Posts Tagged ‘Government’

Reviewing Design Review

Tuesday, September 2nd, 2008

The city of Seattle is currently evaluating its Design Review process, aided by Weinstein A|U.

I was anxious to see what the review would look like. I helped craft the initial program, managed it for most of the 1990s, and then served on the Queen Anne/Magnolia/South Lake Union Design Review Board for four years ending in April.

Should we leave it to administrators?

The review conducted by city staff and the consultants is very thorough and presents many compelling observations and recommendations. What I wonder, after reading the report, is whether the recommendations go far enough.

When the Mayor and City Council began the process of creating Design Review in the late 1980’s there was very little trust in the community for the then Department of Construction and Land Use.

Little did folks realize that it wasn’t for lack of talent or compassion that DCLU was approving ugly stucco boxes in Wallingford, Ballard or the U District. It was simply that the department had few tools to deal with design. But because of this lack of trust, the group-think of the moment was that DCLU surely could not be entrusted with an administrative design review process.


The politics of siting Seattle’s jail

Thursday, May 8th, 2008

City officials will soon have to break the news to some Seattle businesses and organizations that they will be neighbor to a city jail in 2012.jailsites_web.jpg

It’s not a fun job, but some would say that’s why they’re making the big bucks.

It’s not really their fault though. The number of people in jail on a Seattle misdemeanor has actually gone down 38 percent from 1996 through last year, thanks in part to alternative sentencing and monitoring programs.

But the county, which has been housing misdemeanor offenders for cities including Seattle, is running out of room and plans to discontinue the practice in 2012.

That doesn’t give the city much time to drag its heels over the site.

They fired a warning shot this week, announcing four potential candidates, picked from an initial list of 35. The city said they needed at least seven acres, easy access to arterials and had to be outside residential areas.

They also looked at other factors including access to public transportation, environmental conditions and geotechnical conditions. I’m sure it’s no coincidence the sites are spread across the city.

City officials said sites could be cut or added after a series of public meetings next month. They need to have a site set by early next year in order to make tight design and construction timelines to get the jail built by 2012.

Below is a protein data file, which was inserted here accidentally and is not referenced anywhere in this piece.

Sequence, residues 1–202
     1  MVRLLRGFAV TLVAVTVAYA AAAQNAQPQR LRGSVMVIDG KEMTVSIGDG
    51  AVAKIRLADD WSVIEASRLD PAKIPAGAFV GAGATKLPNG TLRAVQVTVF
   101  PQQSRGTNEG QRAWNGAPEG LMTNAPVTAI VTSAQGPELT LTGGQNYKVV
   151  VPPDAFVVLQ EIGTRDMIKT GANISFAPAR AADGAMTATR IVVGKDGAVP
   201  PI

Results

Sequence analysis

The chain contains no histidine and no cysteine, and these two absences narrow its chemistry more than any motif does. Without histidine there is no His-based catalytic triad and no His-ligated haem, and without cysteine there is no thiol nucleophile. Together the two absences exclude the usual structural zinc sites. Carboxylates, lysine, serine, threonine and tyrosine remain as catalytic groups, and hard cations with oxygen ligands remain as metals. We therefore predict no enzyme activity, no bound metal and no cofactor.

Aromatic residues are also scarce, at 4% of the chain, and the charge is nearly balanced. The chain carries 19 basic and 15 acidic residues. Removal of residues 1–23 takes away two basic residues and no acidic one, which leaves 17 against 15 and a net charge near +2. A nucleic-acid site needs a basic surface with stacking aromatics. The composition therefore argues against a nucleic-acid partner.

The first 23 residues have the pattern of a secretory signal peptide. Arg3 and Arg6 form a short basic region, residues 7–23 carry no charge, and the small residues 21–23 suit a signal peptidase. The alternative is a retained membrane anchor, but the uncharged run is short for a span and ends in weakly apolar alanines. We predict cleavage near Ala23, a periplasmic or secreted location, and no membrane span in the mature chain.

Which do you think they’ll pick?

• 11762 Aurora Ave. N., on land that is now a Puetz Golf driving range and shop

• 1600 W. Armory Way in Interbay, site of the former Northwest Center for the Retarded that was acquired for the monorail

• A site at the corner of Highland Park Way Southwest and West Marginal Way that is jointly owned by the city, the state and private industry

• 9501 Myers Way South, on a vacant lot owned by the city.

Should the Puget Sound secede?

Thursday, April 17th, 2008
Greg Nickels
Nickels wants a revolution
Seattle Mayor Greg Nickels kicked off a City Club forum today with what he said would be a “provocative” idea.

The Puget Sound region should “declare its independence” and form a more powerful regional government with more authority on decision-making and spending, he said.

“I would look to the Puget Sound Regional Council and I would put it on steroids,” Nickels said at the forum, which also featured Mayor Grant Degginger of Bellevue and Mayor John Marchione of Redmond. “It ought to have a real ability to make real decisions with the money we have.”

The regional government should have fewer members than the current regional council, Nickels said, and more authority over the region’s dollars.

Marchione said he would support having a regional body that functions that way. Degginger said after the forum that while he would support improvement in regional government, he isn’t sure what form it should take.

Nickels mentioned differences of opinion on gun control and transportation. He mentioned the Legislature’s “shot-gun marriage” of roads and transit on November’s failed Prop. 1.

If the region’s economy were extracted, Nickels said, it would be the 25th largest state, or would be a country larger than Venezuela or Equador. But he said the region is held back because the rest of the state doesn’t understand its needs.

“King County, Pierce County, Snohomish County; we have a lot in common,” Nickels said. “I’m serious when I say we ought to look at declaring independence.”